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Re: Multiple-font strings and char encodings in CLX

   > What is the relation between the 16-bit strings and multiple-font-strings?

You need to manage and implement any such relationship yourself.  The idea is
that you need to provide a :translate function which is smart enough to
input your (implementation-dependent) encoding of multiple-font-string
(perhaps a sequence of characters with font bits, where the font bits are an
implementation-dependent font identifier) and then output a sequence of
8- or 16-bit glyph indexes or a xlib:font change. The draw-glyphs function can
then automatically construct the appropriate PolyText8/16 request.

Your :translate function is thus responsible for converting
implementation-dependent font identifiers (e.g.  font bits) into xlib:font
objects.  The :translate function interface allows it to return a font change,
but *not* a change in glyph index size.  (See the source for
xlib:translate-default).  That is, draw-glyphs assumes that, regardless of any
font change, the objects in the sequence of "characters" will always be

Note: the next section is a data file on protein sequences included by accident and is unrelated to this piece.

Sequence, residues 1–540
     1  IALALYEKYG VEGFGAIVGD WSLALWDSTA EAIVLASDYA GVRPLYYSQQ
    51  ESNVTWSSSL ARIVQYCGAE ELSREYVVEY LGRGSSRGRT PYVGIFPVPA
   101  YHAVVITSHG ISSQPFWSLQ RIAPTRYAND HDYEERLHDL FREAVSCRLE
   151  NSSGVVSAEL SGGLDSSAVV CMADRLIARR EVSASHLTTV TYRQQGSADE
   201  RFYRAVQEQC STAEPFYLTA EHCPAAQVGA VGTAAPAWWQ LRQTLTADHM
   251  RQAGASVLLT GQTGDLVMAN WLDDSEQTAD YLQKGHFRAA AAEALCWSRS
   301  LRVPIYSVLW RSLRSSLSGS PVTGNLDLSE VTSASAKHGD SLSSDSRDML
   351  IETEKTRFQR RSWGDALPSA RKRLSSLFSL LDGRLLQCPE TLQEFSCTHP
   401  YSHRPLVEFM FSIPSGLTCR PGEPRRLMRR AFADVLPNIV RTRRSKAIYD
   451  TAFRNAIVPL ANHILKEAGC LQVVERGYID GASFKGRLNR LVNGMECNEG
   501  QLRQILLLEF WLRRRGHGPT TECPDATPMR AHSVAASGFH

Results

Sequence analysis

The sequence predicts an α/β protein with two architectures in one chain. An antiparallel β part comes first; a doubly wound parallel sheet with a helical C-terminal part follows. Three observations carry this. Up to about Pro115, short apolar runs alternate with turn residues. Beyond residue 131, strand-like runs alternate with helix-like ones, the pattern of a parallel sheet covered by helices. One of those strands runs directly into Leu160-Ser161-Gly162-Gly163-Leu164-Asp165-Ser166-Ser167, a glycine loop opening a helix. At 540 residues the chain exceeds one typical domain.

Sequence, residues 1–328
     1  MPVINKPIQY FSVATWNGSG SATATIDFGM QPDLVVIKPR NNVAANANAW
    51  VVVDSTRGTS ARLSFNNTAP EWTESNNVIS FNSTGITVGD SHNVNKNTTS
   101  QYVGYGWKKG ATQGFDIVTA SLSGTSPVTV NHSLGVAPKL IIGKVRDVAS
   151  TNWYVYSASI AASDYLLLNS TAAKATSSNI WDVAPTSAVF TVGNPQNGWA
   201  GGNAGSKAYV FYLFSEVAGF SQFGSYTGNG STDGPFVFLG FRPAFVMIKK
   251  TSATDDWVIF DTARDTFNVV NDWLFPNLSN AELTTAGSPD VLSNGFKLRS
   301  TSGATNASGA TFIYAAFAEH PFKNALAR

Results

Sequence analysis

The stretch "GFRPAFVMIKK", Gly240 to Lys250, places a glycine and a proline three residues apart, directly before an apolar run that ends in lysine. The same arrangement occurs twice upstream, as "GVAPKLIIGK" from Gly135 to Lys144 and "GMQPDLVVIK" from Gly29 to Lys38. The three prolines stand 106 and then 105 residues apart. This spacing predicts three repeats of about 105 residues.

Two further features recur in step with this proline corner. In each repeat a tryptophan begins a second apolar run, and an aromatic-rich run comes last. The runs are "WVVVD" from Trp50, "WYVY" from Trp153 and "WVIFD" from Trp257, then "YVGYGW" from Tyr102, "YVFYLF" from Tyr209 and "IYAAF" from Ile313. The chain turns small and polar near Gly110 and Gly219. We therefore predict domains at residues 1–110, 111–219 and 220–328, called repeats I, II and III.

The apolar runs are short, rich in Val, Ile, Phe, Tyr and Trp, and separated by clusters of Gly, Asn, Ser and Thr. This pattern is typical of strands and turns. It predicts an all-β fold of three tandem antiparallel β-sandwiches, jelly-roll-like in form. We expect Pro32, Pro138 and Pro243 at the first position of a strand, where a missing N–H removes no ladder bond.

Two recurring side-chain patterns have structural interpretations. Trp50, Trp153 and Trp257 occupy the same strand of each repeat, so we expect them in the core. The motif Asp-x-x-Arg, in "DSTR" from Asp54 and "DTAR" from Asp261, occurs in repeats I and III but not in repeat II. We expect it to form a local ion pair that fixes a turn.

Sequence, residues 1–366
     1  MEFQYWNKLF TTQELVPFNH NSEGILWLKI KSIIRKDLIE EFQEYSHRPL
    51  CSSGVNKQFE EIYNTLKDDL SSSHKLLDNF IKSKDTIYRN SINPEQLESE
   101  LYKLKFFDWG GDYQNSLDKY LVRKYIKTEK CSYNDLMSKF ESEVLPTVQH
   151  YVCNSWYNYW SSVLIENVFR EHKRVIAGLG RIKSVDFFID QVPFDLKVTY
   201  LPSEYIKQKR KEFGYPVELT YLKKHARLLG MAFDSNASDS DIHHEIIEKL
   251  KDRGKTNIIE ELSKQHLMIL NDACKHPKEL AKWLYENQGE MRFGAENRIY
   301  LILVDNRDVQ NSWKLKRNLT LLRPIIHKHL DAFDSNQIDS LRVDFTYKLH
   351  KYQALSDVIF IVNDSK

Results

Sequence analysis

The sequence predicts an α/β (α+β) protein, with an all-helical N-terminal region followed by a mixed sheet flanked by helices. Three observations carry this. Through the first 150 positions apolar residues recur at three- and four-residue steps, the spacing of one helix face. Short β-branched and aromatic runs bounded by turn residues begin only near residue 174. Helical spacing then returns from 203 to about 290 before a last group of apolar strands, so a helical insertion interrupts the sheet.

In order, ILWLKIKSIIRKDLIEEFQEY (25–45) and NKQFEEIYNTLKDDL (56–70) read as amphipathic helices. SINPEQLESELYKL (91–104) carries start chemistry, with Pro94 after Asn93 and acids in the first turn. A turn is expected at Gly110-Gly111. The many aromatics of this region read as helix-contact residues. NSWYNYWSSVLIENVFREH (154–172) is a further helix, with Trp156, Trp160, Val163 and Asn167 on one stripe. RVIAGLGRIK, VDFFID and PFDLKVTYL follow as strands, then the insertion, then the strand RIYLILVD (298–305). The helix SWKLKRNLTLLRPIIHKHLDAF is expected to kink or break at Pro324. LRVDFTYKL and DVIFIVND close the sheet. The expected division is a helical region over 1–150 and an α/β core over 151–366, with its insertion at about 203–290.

translated into glyph indexes of the same size (given by the :size argument).

This reminds me of some related questions that have been bothering me lately.
I'd like to design an international text displayer which could handle text in
multiple character set encodings.  Many of the pieces to do this are in place in
X11 R3.  For example, given a character set identifier and a font name string, I
can open an xlib:font which accepts glyph indexes in the given encoding. Given a
sequence of such glyph indexes, I can then display them.

	Question 1: What char encodings are used by various Lisps? char-code is
	not guaranteed to return an ASCII code (although it does in my Lisp).
	How can my text displayer ask a Lisp string what encoding it's using?

	Question 2: Given a char set identifier, how do I know if I need to draw
	with 8- or 16-bit size indexes?